Gold Clause

Gold Clause

A clause in a contract allowing payment to be made in gold instead of currency. A gold clause is placed in a contract if it is suspected that payment in currency may be rendered impossible due to inflation, war or some other reason. Gold clauses were common at the first part of the 20th century, but were illegal in the United States between 1934 and 1977.
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These stemmed from the fact that a number of European countries had issued dollar-denominated debt in the United States, subject to the gold clause. The question at hand was whether these foreign powers should pay in gold terms, or if they should take advantage of the abrogation of the gold clause and the devaluation, and pay in depreciated paper dollars.
Edwards argues that the United States defaulted on federal debt during the 1930s when it withdrew monetary gold from circulation and abrogated the gold clause in both public and private contracts.
This harkens once again to the so-called Gold Clause cases decided by the Supreme Court.
Anyone can transact business with what are called "gold clause contracts" (see Title 31, United States Code, Section 5118(d)(2)).
The Federal Reserve rationalized the major reduction of the money supply during the early 1930s as necessary to protect the gold clause. At the height of the Cold War, President Kennedy was prepared to sanction our allies to avoid an outflow of gold.
But since their other titles include such classics as The Gold Clause, The Great Dollar Deception and The Paper Aristocracy, it's probably safe to say that they find most things mysterious and sinister.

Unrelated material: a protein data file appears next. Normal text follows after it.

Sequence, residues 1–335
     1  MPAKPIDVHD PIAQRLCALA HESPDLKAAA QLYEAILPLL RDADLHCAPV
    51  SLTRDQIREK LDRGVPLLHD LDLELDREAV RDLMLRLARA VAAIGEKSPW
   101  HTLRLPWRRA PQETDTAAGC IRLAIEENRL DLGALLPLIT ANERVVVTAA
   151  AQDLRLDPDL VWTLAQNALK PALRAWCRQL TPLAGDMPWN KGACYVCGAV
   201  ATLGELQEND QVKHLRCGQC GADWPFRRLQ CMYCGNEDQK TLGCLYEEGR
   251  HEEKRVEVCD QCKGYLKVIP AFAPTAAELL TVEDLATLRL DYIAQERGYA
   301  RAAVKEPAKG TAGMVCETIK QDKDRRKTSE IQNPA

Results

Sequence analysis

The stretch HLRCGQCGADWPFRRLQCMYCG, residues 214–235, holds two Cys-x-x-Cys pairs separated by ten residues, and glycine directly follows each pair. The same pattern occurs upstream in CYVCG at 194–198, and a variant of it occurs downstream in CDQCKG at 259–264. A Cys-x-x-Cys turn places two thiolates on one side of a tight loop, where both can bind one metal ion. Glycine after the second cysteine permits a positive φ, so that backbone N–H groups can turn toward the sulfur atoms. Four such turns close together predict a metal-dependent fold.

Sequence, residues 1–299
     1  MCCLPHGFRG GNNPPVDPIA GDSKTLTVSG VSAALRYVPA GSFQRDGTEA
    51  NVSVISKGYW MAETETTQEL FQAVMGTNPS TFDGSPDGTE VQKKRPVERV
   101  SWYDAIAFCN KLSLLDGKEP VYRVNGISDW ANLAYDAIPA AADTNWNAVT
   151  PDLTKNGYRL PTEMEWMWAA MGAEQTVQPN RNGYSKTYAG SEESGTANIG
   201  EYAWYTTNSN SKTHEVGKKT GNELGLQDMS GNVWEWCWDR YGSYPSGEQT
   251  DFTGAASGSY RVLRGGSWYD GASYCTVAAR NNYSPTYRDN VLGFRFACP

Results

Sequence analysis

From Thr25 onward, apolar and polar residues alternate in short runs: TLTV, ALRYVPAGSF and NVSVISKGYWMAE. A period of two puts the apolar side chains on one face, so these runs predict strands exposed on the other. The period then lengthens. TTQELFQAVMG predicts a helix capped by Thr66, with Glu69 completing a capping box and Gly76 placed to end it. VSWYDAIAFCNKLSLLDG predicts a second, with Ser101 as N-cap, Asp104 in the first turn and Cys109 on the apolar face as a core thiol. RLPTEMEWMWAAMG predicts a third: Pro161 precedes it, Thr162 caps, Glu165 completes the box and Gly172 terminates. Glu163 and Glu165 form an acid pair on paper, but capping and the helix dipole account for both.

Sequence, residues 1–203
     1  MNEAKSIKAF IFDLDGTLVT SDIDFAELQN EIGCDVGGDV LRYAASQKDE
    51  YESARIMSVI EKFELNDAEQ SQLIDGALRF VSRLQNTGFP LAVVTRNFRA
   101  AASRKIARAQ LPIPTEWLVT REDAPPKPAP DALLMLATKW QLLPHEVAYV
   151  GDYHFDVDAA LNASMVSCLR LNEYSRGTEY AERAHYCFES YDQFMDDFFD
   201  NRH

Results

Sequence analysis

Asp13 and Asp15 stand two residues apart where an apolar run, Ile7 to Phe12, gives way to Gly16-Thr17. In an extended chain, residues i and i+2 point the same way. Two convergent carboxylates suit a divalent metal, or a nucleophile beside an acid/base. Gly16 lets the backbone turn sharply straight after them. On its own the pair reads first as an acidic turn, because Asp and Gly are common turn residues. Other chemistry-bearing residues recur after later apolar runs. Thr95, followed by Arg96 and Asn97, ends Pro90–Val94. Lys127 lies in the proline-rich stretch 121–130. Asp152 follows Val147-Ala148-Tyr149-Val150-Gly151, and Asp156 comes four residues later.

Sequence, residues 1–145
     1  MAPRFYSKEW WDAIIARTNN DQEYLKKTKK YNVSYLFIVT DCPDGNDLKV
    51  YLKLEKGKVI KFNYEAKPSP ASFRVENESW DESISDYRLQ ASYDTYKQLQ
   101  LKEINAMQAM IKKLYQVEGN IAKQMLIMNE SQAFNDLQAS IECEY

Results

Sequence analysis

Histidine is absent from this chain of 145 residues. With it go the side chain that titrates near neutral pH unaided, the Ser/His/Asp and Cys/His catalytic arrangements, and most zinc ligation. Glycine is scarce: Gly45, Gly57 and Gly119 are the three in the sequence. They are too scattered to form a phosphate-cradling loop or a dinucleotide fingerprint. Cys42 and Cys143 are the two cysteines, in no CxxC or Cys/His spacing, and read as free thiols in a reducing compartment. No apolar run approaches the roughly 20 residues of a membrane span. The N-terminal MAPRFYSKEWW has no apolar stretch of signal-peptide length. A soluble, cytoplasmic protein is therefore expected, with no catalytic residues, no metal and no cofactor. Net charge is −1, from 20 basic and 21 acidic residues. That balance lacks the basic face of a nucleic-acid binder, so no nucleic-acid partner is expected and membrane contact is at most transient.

Congress undid the final link between the gold standard and the domestic economy when it abrogated the gold clause in government and private contracts.
The cases challenging the invalidation of the gold clause were making their way through the court system and would eventually be combined in the Gold Clause Cases.
Timberlake closes with a recount of the Gold Clause Cases, which centered on the Franklin Roosevelt administration's outlawing of private gold holdings.
McReynolds noted that the intention of the gold clause was "to protect against a depreciation of the currency and against the discharge of the obligation by payment of less than that prescribed." He cited the recent gold devaluation of more than 59 percent--the gold dollar went from 25.8 grains to 15.24 grains--and added: "The calculation to determine the damages for failure to pay in gold would not be difficult" (294 U.S.
But I do remember quite vividly the first time I met Henry, which was at a conference devoted to the question of gold clauses, held in November 1973 just at the time when the sale of gold was about to be again made legal in the United States.
Second, due to the gold clauses that occurred in most bond indentures, coupon and principal payments were stipulated in gold, which helped to integrate these securities into the international markets.